story by Siri Stevens Tony Keeton started his company, Rockin’ K Rodeo in 2017. It’s not his only full time job. Tony has worked for […]
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Meet the Member AJ Blaze
story by Lindsay Whelchel
The big city of Atlanta doesn’t seem like a natural origin for a cowboy, but it was for bull and saddle bronc rider AJ Blaze.
AJ grew up in the city playing travel ice hockey until the age of 14 when he was bitten by the horse bug.
Of course, not all of the horses he took to riding were calm, and AJ started getting on bucking broncs for fun.
The technicalities involved in saddle bronc riding steered AJ to put it off for a few years through high school when he focused on bull riding and high school rodeo competition. Soon though, he was back to doing both events and doing them well.
“After I started getting the hang of it I did a couple pro rodeos [in high school] then it just seems like in the past three years I’ve really stepped my game up,” he says.
Part of that push to succeed came from AJ’s father.
“My dad told me my sophomore year in college, ‘you know I’ve been dishing out all this money for you to rodeo, and I’m not seeing any results, so you might want to make up your mind what you want to do,” AJ recalls and adds, “then right after he said that it was just like a fire lit underneath me, and I started making money and paying for all of my bills, so I’ve been blessed over the years.”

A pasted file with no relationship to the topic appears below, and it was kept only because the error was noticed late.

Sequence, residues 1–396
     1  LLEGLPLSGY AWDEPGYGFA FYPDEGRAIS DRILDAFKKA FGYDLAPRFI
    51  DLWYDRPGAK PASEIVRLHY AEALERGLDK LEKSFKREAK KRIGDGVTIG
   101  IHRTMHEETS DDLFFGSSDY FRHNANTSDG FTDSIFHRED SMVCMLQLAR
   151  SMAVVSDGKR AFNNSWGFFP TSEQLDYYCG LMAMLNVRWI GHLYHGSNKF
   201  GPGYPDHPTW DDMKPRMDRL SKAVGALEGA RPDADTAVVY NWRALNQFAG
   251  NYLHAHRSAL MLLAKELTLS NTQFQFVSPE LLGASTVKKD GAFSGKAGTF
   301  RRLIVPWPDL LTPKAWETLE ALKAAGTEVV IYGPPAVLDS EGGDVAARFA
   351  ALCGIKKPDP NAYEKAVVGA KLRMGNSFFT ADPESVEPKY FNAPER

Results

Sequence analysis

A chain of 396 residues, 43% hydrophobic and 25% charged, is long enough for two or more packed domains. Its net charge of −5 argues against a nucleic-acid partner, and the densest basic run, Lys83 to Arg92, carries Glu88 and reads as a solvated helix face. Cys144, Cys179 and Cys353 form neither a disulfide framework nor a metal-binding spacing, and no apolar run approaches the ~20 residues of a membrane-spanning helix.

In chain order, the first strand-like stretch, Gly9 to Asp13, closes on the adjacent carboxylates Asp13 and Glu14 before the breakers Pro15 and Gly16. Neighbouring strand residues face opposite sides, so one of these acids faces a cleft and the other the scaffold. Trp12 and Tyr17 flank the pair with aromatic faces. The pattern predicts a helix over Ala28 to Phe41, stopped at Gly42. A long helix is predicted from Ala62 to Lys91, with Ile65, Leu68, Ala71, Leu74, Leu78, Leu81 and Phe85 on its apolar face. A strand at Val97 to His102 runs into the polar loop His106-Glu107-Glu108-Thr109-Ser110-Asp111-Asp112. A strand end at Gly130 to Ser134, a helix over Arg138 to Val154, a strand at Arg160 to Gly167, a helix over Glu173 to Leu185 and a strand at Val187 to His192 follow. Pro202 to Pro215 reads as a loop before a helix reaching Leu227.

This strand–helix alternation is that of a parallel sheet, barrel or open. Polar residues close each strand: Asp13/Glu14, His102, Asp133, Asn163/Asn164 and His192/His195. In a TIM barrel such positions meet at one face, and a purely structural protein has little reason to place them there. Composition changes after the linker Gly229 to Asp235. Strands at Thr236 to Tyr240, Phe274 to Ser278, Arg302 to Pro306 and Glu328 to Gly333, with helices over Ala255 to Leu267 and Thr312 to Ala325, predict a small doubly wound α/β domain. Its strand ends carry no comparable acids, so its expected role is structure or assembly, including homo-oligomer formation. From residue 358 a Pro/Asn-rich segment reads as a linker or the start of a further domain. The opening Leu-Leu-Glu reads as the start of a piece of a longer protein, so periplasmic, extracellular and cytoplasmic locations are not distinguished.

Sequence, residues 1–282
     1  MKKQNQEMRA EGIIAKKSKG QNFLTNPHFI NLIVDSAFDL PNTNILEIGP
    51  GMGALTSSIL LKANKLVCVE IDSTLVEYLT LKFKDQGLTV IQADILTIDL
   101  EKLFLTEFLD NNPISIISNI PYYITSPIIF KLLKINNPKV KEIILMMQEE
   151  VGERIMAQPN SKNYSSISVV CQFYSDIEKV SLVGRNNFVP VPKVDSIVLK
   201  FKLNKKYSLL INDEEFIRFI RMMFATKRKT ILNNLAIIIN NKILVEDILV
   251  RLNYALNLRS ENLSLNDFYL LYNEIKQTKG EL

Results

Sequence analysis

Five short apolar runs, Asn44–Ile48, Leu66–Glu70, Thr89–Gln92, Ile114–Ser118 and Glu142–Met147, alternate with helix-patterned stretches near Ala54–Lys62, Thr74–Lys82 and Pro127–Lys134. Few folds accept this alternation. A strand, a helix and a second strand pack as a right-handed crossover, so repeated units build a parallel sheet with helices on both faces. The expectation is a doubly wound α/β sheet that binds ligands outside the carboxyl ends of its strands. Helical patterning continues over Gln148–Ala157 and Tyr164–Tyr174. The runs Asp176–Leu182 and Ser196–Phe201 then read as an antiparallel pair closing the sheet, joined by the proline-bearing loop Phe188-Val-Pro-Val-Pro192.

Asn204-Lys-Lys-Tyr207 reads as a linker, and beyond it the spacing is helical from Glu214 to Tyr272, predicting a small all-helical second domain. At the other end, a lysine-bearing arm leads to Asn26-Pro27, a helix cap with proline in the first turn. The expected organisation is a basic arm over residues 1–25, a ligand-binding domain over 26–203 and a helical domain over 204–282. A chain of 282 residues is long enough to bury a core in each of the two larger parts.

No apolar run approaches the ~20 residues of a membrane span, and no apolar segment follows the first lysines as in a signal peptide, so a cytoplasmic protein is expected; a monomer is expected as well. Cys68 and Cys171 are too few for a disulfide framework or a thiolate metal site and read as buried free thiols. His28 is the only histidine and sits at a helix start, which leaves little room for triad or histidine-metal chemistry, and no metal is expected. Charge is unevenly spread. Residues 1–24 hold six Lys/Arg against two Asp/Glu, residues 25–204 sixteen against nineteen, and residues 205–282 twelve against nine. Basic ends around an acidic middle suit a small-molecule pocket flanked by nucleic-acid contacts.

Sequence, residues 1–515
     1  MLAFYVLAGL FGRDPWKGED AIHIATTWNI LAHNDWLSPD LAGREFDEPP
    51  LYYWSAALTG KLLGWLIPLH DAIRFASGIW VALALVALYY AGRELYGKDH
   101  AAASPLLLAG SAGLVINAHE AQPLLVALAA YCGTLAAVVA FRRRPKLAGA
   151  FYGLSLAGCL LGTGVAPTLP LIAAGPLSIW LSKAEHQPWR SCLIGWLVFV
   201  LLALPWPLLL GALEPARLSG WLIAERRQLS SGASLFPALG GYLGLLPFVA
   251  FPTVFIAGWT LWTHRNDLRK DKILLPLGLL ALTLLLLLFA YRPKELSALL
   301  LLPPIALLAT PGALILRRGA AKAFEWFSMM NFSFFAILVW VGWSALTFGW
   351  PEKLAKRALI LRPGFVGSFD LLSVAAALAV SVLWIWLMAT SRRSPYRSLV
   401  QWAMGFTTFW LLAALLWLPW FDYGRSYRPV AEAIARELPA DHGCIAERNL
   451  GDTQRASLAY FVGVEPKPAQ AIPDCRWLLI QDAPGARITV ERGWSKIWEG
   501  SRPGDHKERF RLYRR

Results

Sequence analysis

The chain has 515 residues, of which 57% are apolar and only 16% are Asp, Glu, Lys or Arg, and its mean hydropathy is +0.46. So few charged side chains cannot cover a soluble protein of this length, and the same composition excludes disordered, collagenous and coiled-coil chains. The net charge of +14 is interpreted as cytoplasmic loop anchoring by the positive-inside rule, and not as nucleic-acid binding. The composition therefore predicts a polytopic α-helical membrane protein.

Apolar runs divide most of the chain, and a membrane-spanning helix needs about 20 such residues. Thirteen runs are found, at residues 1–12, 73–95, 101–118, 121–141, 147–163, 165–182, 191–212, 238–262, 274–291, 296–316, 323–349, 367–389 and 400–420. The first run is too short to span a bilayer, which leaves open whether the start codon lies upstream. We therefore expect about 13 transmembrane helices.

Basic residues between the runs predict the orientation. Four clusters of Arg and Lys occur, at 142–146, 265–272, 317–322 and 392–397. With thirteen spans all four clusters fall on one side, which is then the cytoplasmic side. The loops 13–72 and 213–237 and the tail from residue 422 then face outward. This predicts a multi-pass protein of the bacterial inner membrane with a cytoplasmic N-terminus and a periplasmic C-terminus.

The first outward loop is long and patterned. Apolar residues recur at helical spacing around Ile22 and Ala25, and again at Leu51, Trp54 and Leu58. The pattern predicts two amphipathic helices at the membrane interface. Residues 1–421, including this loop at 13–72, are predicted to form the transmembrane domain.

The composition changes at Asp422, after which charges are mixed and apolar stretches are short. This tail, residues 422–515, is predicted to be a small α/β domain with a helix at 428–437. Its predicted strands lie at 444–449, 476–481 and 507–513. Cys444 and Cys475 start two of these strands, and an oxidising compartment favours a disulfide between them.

Now 23, AJ is rising in the ranks of professional rodeo. He topped the 2015 IPRA standings for much of the season until a concussion set him back. Still, he made the International Finals Rodeo in the bull riding and almost made it in the saddle bronc as well.
“It was just a great experience,” he says of the IFR. AJ quickly explains why, listing what contestants were able to do outside of the arena. “I went to the children’s hospital and got to visit with some of the kids that were sick, and then we did the Children’s Day at the IFR at the arena, so it was just good to give back to that community.”
Inside the arena, AJ held his own and finished fifth in the average
“It was just a great time, great experience, and I met a lot of good people,” he says.
This season, he’s back up at the top of the leaderboard.
Helping kids must run in the Blaze family. In addition to his three older brothers and younger sister, AJ’s parents have adopted two foster kids, ages 6 and 7, and they’re trying to adopt two others that currently live with them.
Outside of rodeo, AJ stays busy going to college full time at Georgia Southern University, where he studies mechanical engineering. He’ll graduate in 2017.
Rodeo has impacted AJ’s life
“It’s shaped me as an individual, and I’m proud to say I’m happy where I’m at now in life because of rodeo. If I didn’t have it I don’t know where I’d be.”